Leningrad Cowboys Go America is a rock 'n' roll road movie that pulls inspiration from various classic Western rock movements while observing forced democracy and musical ambition along the way. A Finnish polka band called The Leningrad Cowboys, sporting winklepicker oxfords, black suits and exaggerated pompadours, are trying to make a name for themselves. In their village they perform for a producer and are told that they have a lot of talent. The producer speaks to their manager, Vladimir (Matti Pellonpaa) and advises the group to take off to America and seek fame. The manager makes some calls and sets up a show in Manhattan, claiming that the band is very good and speaks perfect English, which they don't. One of their bass players has recently passed away and they place him in a bizarre coffin, set on taking his corpse with them to America. Stalking them is Igor, (Kari Vaananen) a village reject who wants to join their band and intends on following their course abroad.
While in the air they brush up on their English and are ordered by Vladimir to stop speaking their native language for the time being. Upon arrival the club owner in New York asks them to play for him before he agrees to let them perform. After hearing the band he informs them that their music is just not what he was looking for. He gives them the address of his cousin in Mexico who needs a band for his wedding. According to him, their 10-piece band and ensemble of instruments would do well there, but not in America, where rock 'n' roll is the music of choice. Without a place to go and only $700 between them, they buy a Cadillac and start a road tour across America with Mexico as their final destination.
The Saint of Fort Washington
I've never been one for politics, nor do I understand the “politics” of many things—especially the politics which apply to motion pictures. So many wonderful films will be lost to the generations that will follow our own. Sometimes a movie's unavailability might be due to music rights, or other business-related issues, and as years pass, there are fewer people who are aware of its existence. To say that The Saint of Fort Washington fits into this category would be a slight exaggeration; the film is accessible on previously owned VHS, Laser Discs and European DVDs, and is now available domestically from Warner Bros. It features early performances by Matt Dillon, Danny Glover, and Ving Rhames—performances which, in my honest opinion, are their best by far. But for some reason, the movie was just swept under the carpet. I've yet to meet another person who saw it in the '90s, and its Box Office figures were laughable; it's safe to say that it never had a fan base. I'll never understand why, but I would guess that it has something to do with its heart-wrenching realism. It is by far one of the most important dramas about homelessness, mental illness, and religion. Everyone who lives in a large city or has something to say about our country's issues with poverty and the homeless should see it.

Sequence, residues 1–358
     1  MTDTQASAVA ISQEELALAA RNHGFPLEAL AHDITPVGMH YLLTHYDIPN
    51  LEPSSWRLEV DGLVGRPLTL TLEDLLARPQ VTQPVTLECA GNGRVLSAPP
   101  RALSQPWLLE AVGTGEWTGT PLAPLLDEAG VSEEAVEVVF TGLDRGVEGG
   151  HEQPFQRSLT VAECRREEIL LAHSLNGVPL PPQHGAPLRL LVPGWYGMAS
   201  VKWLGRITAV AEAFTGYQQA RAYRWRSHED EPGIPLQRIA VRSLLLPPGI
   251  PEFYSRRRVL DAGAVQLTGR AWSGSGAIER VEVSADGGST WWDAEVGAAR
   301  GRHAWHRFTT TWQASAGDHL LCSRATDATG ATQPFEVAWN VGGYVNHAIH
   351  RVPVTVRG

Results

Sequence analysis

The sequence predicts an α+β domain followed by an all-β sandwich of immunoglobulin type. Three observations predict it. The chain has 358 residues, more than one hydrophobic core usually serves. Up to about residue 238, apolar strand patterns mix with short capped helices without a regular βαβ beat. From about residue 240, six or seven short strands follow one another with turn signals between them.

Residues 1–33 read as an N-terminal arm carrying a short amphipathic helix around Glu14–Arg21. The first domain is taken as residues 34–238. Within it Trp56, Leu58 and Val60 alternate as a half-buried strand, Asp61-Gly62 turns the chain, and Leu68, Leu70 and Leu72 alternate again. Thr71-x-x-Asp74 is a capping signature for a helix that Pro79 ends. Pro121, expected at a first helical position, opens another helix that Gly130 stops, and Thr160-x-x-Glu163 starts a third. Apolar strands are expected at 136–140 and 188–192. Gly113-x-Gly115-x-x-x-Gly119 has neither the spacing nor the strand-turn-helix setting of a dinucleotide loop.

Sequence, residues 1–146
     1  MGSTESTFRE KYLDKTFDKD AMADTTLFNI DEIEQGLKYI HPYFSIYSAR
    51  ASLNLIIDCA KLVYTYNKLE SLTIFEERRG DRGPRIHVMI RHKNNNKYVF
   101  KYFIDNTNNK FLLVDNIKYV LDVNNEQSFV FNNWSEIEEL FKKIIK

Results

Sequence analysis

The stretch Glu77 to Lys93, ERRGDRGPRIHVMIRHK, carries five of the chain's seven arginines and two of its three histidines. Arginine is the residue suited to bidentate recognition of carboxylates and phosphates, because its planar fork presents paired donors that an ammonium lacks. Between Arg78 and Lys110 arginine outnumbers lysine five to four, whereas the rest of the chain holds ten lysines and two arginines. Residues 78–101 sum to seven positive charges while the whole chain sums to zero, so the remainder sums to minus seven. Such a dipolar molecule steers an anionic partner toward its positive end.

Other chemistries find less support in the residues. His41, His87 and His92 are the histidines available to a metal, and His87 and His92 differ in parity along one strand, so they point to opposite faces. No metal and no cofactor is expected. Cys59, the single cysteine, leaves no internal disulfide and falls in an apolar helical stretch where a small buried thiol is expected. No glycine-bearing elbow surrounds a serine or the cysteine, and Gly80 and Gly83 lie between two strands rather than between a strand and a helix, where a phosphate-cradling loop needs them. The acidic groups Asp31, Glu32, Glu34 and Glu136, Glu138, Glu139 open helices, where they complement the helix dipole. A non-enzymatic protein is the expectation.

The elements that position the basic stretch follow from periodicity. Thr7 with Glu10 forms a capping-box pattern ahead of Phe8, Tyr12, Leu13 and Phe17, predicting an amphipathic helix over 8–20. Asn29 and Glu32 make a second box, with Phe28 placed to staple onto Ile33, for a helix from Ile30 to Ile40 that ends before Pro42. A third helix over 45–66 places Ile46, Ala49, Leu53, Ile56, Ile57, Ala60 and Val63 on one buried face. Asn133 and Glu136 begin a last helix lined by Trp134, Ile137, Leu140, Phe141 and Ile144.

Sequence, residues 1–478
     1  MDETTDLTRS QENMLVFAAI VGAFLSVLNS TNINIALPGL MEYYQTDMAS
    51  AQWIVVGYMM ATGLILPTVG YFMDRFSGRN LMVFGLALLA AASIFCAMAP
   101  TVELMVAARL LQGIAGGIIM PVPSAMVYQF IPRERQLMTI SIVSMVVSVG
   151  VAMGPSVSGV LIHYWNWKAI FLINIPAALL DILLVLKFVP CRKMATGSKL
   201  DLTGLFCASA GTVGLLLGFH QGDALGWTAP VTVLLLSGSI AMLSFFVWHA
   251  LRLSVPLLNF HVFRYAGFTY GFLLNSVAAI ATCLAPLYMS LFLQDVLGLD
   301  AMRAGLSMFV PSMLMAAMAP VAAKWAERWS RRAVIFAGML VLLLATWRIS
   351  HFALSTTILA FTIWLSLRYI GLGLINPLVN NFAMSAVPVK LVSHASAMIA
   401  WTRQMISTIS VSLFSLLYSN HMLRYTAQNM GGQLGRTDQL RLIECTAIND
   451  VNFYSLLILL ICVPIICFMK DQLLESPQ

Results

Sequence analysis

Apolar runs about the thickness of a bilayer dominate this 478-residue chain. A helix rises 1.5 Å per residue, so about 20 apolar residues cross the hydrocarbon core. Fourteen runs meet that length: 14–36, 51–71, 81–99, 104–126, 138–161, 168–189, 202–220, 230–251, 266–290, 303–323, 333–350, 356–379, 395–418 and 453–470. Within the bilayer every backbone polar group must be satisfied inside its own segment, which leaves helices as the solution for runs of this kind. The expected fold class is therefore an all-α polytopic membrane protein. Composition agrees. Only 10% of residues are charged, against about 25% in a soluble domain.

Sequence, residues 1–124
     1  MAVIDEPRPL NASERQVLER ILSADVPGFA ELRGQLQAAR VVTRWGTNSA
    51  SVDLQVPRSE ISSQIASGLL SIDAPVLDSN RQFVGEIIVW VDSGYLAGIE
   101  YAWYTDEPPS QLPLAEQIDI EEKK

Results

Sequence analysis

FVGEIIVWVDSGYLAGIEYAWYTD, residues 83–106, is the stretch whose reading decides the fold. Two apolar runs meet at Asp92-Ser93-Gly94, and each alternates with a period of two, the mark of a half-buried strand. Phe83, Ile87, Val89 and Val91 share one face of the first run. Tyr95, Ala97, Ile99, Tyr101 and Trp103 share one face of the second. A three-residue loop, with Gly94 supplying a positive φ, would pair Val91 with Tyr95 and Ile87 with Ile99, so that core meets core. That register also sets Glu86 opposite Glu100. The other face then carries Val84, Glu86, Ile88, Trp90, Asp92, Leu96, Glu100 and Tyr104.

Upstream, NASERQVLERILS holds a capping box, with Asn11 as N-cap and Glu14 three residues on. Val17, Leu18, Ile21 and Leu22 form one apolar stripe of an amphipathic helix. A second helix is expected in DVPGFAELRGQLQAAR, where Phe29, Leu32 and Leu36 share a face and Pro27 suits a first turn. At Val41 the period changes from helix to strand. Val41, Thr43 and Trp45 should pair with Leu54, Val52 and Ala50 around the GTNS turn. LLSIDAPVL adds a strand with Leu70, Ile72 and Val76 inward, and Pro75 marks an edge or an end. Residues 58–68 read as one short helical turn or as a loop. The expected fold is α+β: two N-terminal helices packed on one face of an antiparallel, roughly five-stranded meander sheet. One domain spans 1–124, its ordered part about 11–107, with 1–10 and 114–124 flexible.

In it we find Matthew (Matt Dillon), a young schizophrenic man who is made homeless overnight. A slumlord has leveled his building without permits, which means that collecting his government check is impossible because he no longer has an address for them to send it to. He takes to the streets and by nightfall he's directed to the Fort Washington's Shelter for Men. While in line he sees a man nursing a wounded knee. He takes out his camera, the only thing of value that he has, and snaps a picture. The man, Jerry, (Danny Glover), becomes outraged and tries to damage the camera until young Matthew shows him that there's no film inside. Though Jerry is baffled at how someone could be a photographer without film in a camera, the two seem to have an understanding of one another. While in the shelter, Jerry tells him how the place works and what/who to avoid; what the thugs steal first while you're asleep and who, of the hundreds of men you lay your head next to, is a threat. The ringleader in terror at the shelter is Little Leroy (Ving Rhames), a man who'll stop at nothing to oppress everyone in the shelter and kill whoever gets in the way. By morning Jerry, a willful Vietnam veteran, is back on the streets hustling. Young Matthew can't help but shadow him and feed off his wisdom and street smarts.